By: Manuel Medina
I'll never forget what happened after my first day teaching CPR. It was a Friday, and that following Monday, a student returned. He told me that he had to use CPR on one of his clients-- one day after completing the class!
Just a month earlier, I knew I was in for a big career change moving out of the ambulance, but I never would have imagined that this change would be the most incredible transition of my life. If the news that one of my students helped save a life thanks to what he learned in my class wasn't a sign that I was putting my talents to good use in my new job, then I don't know what else could be.
My name is Manuel Medina, and I'm an American Heart Association Instructor in first aid, CPR and AED use in southern California.
After graduating from Doña Ana Community College more than 10 years ago with a degree in Applied Science in Emergency Medicine, I decided to become a paramedic. Given my passion for saving lives, this career path seemed like a great fit. While I'm no longer a first responder, I'm still able to give back by being an instructor and educating new generations of paramedics and lifesavers-- and that job has been its own reward.
Day in and day out, I see how communities are empowered with more people learning CPR. But as a Latino, it pains me that more in my community aren't as prepared. The Latino community needs more people to get trained in CPR so that we understand how to respond if someone suddenly collapses in our community.
This is why I am excited about the American Heart Association and Anthem Foundation teaming up to produce a new video that is tailored to Latino millennials and that shows how to perform Hands-Only CPR. The video, which was released on June 1st just in time for CPR and AED Awareness Week (June 1-7, 2016), encourages more Latino millennials, like myself, to learn how to conduct CPR if someone suffers a cardiac arrest.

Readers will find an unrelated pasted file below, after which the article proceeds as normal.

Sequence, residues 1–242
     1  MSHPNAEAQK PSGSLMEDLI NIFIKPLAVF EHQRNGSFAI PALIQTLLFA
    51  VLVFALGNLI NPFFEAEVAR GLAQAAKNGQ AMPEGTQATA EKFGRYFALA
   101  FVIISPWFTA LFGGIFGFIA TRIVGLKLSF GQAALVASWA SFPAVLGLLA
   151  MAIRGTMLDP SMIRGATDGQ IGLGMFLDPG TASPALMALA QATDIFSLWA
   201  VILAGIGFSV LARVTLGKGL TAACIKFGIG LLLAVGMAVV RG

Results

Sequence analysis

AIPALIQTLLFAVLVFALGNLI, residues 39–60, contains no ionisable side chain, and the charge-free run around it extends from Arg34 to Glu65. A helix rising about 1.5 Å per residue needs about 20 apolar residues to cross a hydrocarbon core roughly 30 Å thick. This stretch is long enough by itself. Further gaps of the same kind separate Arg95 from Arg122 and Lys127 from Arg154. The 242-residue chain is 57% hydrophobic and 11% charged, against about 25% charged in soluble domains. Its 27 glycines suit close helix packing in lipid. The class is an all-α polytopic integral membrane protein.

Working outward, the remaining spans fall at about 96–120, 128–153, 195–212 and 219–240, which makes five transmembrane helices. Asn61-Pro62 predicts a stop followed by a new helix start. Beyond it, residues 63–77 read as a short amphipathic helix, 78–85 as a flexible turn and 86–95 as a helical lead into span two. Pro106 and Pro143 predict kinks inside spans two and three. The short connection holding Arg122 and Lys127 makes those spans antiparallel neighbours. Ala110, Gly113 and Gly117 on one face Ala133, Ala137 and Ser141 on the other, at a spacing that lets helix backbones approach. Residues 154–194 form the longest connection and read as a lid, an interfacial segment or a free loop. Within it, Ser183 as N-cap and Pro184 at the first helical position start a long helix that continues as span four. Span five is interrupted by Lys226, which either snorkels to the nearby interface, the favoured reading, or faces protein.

Nearly one-in-four U.S. Hispanics are millennials, and it is time to teach this generation - my generation - this simple skill that could save the life of someone they love.
Every year, more than 350,000 cardiac arrests occur outside the hospital; only 10 percent of those people survive. In the United States, Latinos and blacks are at a higher risk for out-of-hospital cardiac arrest with a poor prognosis. Latinos specifically are 30 percent less likely to have bystander CPR performed on them in a cardiac emergency, making them less likely to survive. CPR can double or even triple the chances of survival if provided immediately.
Looking back, the most life-altering change that has happened to me, has resulted in the best thing that ever happened to me. Instead of saving a few lives, through the EMTs and individuals I teach, I get to save thousands of lives. Now it's your turn to be part of the solution! Take 90 seconds and watch the video today at heart.org/handsonlycpr.
Manuel Medina is a paramedic, American Heart Association Instructor and AHA volunteer.